Typical ethnological and historical elements of the Karagounis are their Thessalian dialect, which is considered the most representative of the northern Greek dialects, the richness of the female folk costume (karagouna), as well as the multitude of folk events and other ancient customs of rural worship, most of which continue to this day.

The modern city, the modern Palamas, which is the second municipality of the prefecture in population after Karditsa, is mostly built on an ancient settlement and has evolved into a beautiful city that is literally extended in the heart of the western Thessalian plain on an area of 5550 acres.

Palamas’ roots are identified with Thessalian myths and folk legends. Archaeological research has shown that the southern part of the settlement of the city of Palamas, known as the “Chantaki” district (Byzantine name) has been continuously inhabited since 6500 BC until today. The ancient settlement extends from the outskirts of the southern part of the city (Hadaki) and reaches the boundaries of the 3rd district of the city, known as ’40 plowmen’ or ‘karaber’ or the church of Agios Charalambos.

Among the findings of this archaeological research lies the ancient representation found in the 325 block, as well as a sculpture with the head of an ancient god. The ancient representation is a piece of shell from the 4th century BC and probably represents the abduction of a young girl on horseback. The head representation is probably the head of the chthonian god Pluto.

This place, with its permanent habitation, was somewhat easily associated with “Turkopalama”. The rest of the town, Rum Palama, shows no evidence of earlier occupation in the subsoil and this leads to the conclusion that this place was inhabited later, in modern times. The fact that in all the censuses of the Municipality of Titani, the settlement Keramidi (Keramides) is mentioned as uninhabited, leads us to the conclusion that the inhabitants of the ancient city that existed on the slopes of the Asterios mountain (Vlochos), which is proven to have functioned in Byzantine times, as we have the existence of castles in the fields at the location of Keramides and reached up to Mount Asterio or Stroggylovouni, moved in later years further south and created the core of the northern settlement of Palamas. The position ‘Keramides’, identified with the southern part of the ancient state of Asterios, is about 2 km from Palamas. Thus, for rather honourable reasons, Keramidi – Keramides is mentioned in the censuses without population.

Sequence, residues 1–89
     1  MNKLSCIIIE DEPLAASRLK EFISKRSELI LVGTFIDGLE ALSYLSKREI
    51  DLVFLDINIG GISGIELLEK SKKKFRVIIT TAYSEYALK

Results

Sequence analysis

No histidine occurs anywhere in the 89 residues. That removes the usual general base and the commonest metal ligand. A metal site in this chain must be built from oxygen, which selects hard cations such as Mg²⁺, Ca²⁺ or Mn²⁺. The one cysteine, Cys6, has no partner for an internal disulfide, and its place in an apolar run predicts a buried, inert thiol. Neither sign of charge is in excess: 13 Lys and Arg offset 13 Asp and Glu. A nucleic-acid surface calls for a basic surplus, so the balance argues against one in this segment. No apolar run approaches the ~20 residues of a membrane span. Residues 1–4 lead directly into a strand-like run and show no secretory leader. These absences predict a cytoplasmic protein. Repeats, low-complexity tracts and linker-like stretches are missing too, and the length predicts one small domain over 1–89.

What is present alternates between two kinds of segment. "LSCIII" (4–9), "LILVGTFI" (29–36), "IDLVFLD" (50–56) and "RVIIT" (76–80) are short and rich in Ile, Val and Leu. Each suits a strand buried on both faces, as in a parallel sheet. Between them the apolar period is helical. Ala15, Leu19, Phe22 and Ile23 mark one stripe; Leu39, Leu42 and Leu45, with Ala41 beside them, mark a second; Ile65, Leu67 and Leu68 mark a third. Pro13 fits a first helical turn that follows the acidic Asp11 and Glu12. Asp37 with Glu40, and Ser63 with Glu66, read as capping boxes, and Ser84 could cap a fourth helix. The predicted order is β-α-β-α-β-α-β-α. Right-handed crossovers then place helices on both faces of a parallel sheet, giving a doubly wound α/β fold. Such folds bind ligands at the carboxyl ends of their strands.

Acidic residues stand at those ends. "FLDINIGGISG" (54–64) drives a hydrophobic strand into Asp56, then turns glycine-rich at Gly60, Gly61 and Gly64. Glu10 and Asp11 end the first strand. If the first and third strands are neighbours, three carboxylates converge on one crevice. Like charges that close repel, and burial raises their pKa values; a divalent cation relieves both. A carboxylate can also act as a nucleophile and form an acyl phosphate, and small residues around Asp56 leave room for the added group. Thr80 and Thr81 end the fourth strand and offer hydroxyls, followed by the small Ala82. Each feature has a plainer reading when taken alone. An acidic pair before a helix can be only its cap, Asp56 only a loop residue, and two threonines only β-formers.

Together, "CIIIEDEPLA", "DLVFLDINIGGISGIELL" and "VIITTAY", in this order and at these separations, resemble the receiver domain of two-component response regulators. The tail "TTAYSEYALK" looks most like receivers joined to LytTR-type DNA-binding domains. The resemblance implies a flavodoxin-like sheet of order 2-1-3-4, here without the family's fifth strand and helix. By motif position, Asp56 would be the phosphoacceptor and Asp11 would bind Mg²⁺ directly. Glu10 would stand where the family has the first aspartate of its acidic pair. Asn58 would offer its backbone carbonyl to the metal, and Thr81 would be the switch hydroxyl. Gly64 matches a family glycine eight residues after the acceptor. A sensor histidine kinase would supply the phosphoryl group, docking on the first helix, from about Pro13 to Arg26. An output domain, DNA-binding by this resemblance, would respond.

It is worth noting that the two mountains north of Palamas, named Asterion and Titanios, are mentioned by Homer in the second rhapsody of the Iliad (verses 734 – 737) that its inhabitants took part in the campaign against Troy: “Those who left Ormenion the Fountain of Hyperia, the Asterion and the top of the white waters of Titanios, were commanded by the brilliant Eurypylus Eudemonides and had forty all-black ships at his head” (translation by Iacus Polyla). 

Regarding the persecuted Greeks who found shelter in Palamas from the surrounding areas or even from farther away, there is a legend that the conquerors sent rebels to this place with the difficult climate as punishment. Therefore, looking for the reason for the settlement of population in a Turkish-occupied city with a Greek population, the conclusion is that probably the “special privileges” that Palamas had, because it belonged to the Iffkaf of Thessaloniki, which appointed commissioners, rather contributed to the increase of the population.